May 8, 2016
Women of the Itombwe forest in the Democratic Republic of Congo plant trees and defend the old-growth forest - WECAN/SAFECO Regional Climate Solutions Training Program
Dear Friends and Allies, 

This Mother's Day 2016, the Women's Earth and Climate Action Network invites you to join us in honoring, celebrating and standing in solidarity with women around the world rising as mothers, as caretakers and as protectors and defenders of our precious collective mother, Mother Earth.

Today and everyday, we commit to working together diligently  with our diverse networks and partners t o bring support, action,  and global attention  to the struggles and solutions  of frontline  women. On this day of love and celebration of mothers and our Mother Earth, we stand with the countless  defenders putting their  lives on  the line to resist extraction and environmental  degradation , and build a just, thriving and sustainable world. 

The vital work of these women leaders comes at a time of  immense  climate crisis, and in an environment of risk, criminalization and persecution.  All of our lives, the integrity of the living Earth, and the future of generations to come depends upon the work of these  outstanding  women land and community defenders.

Please explore and share our Mother's Day special update newsletter to learn more about the lives and work of extraordinary women land defenders from across the world, the 'Justice for Berta' campaign, and upcoming events in New York City during the UN Permanent Forum on Indigenous Issues. We also invite and encourage all network members to take action to keep fossil fuels in the ground by engaging with the critical #BreakFree actions happening across the world this week, and standing in solidarity with the Women's Global Call for Climate Justice.
defenders Standing With Women Land Defenders on Mother's Day
As part of the emerging ' Women Speak' platform, we share with you the stories of six women leaders defending land and life. Their work provides but a glimpse into the innumerable struggles, movement's and actions being led by women around the world to protect and heal all we hold dear. We thank these women, and all women land defenders across the globe, for their dedication, love, power and unrelenting voice for justice.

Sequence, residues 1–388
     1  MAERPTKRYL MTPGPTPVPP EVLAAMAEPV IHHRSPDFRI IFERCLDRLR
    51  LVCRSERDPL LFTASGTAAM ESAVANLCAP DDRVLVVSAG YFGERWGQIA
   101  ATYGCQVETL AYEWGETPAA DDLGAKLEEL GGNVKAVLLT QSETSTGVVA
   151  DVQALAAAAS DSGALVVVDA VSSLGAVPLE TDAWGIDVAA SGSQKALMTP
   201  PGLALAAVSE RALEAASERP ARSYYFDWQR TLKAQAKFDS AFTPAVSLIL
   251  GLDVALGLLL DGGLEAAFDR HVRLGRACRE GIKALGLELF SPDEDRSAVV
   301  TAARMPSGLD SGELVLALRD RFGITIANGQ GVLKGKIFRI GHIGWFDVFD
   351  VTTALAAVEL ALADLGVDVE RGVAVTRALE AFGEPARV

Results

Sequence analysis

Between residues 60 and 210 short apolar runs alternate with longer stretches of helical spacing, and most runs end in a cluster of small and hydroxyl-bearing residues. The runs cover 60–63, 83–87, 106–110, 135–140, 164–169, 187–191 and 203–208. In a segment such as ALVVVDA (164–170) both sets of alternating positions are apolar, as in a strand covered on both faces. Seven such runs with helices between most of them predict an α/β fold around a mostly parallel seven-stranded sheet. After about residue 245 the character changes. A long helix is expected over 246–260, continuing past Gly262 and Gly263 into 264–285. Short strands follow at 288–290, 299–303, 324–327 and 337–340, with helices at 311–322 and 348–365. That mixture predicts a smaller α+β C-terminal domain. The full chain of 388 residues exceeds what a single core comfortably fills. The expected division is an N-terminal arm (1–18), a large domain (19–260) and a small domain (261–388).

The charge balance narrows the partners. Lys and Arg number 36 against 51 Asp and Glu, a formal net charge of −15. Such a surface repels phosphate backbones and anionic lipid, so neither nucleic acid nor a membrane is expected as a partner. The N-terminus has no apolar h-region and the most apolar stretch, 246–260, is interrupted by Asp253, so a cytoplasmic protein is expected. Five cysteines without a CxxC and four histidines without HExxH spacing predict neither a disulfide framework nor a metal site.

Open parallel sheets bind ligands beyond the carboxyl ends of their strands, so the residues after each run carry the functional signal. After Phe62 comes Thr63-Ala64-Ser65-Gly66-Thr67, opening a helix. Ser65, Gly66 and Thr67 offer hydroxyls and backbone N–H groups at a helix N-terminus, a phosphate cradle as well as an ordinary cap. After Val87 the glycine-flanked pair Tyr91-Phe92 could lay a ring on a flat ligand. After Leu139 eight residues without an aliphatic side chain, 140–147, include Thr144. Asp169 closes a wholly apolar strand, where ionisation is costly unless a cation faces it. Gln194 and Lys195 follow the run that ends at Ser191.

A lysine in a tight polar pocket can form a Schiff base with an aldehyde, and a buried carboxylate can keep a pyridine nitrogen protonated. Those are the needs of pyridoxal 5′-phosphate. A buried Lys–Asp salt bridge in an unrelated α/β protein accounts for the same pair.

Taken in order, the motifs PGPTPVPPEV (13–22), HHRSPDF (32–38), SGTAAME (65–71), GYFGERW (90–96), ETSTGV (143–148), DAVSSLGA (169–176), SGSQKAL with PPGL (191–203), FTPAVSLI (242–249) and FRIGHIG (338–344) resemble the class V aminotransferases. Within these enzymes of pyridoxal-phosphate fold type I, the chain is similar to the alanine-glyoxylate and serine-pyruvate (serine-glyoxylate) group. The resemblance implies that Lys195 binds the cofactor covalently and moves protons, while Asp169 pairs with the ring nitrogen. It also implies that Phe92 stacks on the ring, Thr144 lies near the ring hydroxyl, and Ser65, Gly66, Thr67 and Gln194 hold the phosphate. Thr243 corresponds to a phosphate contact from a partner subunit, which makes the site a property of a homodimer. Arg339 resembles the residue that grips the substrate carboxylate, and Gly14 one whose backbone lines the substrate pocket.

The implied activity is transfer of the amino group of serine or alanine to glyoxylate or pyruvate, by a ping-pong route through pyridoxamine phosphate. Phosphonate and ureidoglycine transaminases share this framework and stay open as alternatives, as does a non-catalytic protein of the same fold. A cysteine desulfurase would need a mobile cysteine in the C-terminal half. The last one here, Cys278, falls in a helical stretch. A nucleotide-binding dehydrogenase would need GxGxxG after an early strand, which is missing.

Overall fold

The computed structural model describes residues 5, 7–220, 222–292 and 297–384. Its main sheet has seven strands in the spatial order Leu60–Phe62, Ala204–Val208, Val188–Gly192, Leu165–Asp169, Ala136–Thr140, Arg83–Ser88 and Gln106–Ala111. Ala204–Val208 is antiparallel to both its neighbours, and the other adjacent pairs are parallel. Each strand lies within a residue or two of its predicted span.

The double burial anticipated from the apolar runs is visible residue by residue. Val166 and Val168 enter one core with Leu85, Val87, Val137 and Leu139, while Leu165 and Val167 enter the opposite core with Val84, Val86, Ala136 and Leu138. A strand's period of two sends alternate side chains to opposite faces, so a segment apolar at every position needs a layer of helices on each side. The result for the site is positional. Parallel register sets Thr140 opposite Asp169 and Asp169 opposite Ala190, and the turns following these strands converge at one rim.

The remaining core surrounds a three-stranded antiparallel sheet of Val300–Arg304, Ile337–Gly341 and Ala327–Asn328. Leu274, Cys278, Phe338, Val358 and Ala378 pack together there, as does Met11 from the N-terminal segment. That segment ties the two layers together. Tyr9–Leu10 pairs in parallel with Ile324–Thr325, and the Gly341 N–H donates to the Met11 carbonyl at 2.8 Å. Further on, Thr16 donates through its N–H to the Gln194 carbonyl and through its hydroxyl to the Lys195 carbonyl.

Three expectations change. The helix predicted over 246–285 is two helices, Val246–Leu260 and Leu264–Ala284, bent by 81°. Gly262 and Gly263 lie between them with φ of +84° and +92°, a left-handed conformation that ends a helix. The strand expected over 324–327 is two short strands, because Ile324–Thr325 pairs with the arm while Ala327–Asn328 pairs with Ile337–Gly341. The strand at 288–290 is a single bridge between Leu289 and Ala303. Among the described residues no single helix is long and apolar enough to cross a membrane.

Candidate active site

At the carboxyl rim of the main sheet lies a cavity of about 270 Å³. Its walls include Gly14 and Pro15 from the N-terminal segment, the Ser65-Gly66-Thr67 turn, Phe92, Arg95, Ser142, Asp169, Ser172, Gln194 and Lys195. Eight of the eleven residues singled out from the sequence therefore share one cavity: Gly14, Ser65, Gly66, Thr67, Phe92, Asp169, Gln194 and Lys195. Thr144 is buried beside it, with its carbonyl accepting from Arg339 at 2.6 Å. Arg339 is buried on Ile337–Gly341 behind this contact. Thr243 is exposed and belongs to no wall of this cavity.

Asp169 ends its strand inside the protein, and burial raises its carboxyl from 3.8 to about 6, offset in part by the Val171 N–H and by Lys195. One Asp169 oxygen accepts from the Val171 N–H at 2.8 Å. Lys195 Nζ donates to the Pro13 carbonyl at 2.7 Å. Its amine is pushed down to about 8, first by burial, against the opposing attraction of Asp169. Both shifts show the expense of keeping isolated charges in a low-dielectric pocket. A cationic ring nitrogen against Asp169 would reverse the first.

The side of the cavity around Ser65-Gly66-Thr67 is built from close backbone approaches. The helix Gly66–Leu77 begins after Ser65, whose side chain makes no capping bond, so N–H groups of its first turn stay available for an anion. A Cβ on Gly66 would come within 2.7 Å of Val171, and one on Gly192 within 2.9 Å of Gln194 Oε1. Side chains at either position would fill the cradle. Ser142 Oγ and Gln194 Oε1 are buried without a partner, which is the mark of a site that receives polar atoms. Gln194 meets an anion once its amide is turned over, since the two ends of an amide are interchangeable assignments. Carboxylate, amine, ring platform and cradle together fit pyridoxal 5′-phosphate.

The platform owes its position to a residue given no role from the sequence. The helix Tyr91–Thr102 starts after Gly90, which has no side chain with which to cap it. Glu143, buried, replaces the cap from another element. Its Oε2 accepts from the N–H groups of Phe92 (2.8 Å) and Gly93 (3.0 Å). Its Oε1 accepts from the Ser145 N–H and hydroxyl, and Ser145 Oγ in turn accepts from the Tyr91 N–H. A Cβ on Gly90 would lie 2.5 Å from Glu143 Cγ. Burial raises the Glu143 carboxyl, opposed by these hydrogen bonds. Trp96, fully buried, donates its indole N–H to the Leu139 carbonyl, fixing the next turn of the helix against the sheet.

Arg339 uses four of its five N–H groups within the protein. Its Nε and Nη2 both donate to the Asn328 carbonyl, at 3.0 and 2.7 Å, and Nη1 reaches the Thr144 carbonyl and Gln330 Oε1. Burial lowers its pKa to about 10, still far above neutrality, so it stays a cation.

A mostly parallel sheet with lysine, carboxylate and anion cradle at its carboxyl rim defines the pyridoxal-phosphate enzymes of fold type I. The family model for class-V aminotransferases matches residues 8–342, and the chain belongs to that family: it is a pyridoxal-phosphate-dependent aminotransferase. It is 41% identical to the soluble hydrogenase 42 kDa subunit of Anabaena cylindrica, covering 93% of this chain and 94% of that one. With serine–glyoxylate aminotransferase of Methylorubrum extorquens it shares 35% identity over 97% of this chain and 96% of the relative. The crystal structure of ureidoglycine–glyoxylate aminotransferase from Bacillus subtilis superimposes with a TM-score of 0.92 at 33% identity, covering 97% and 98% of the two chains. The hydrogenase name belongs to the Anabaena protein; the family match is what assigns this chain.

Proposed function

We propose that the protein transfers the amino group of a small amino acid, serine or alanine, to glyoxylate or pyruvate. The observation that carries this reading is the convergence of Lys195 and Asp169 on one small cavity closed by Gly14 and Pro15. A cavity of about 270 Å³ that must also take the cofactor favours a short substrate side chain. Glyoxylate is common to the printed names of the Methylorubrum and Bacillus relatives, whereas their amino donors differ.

Maanda Ngoitiko (Tanzania)
Maanda Ngoitiko - Photo source: Vice News
Maanda Ngoitiko is the founder and Executive Director of the Pastoral Women's Council, a Maasai women's organization working to address issues of women's rights, land rights, food security and women's economic empowerment. Maanda has been a key voice of protest surrounding forced evictions and violation of Maasai communities and sacred lands for safari and game parks. She and her allies have faced repeatedly harassment, abuse and arrest by employees of Thomson Safaris and the local police, but have forged ahead in their work to protect and defend Maasai land and the integrity of local peoples. Click here to learn more about Maanda's work
Máxima Acuña (Peru)
 Maxima Acuña de Chaupe - Photo source: 2016 Goldman Environmental Prize
Maxima Acuña de Chaupe is a traditional subsistence farmer from the northern Peruvian highlands of Cajamarca . Over the past decade, Máxima has been working ceaselessly in defense of her right to peacefully live off her own property, a plot of land sought by Newmont and Buenaventura Mining for development for the Conga gold and copper mine. The proposed mine would have destroyed fragile local ecosystems and drained the sacred, vital Laguna (lake) Azul. Since 2011, Maxima and her family have withstood attacks, threats and legal suits at the hands of the mining corporations and contracted security teams. In 2014, the eviction and arrest of Maxima was overturned. Since then, Newmont has released statements indicating the cancelation of attempts to open the Conga mine in the foreseeable future. In 2016, Maxima was awarded the prestigious Goldman Environmental Prize for her outstanding land and community defense. Learn more about Maxima via the Goldman Prize profile/video  here and Guardian article  here .
Suryamani Bhagat (India)
Suryamani Bhagat - Photo source: TRF/Thin Lei Win
Suryamani Bhagat is a forest defender and community organizer from Chhota Nagpur Plateau, Jharkhand, India. Suryamani has been an activist with the Indigenous group Jharkhand Save the Forest Movement since the age of 20, helping wrestle management of forests from the government back into local hands, fighting for legal recognition of Indigenous land rights, and mobilizing villagers to protect forest resources for future generations. She is the founder of Torang, a tribal rights and cultural centre in her village of Kotari, and has recently organized a group of local women to begin patroling and protecting regional forest lands.  Click here to learn more about Suryamani's work.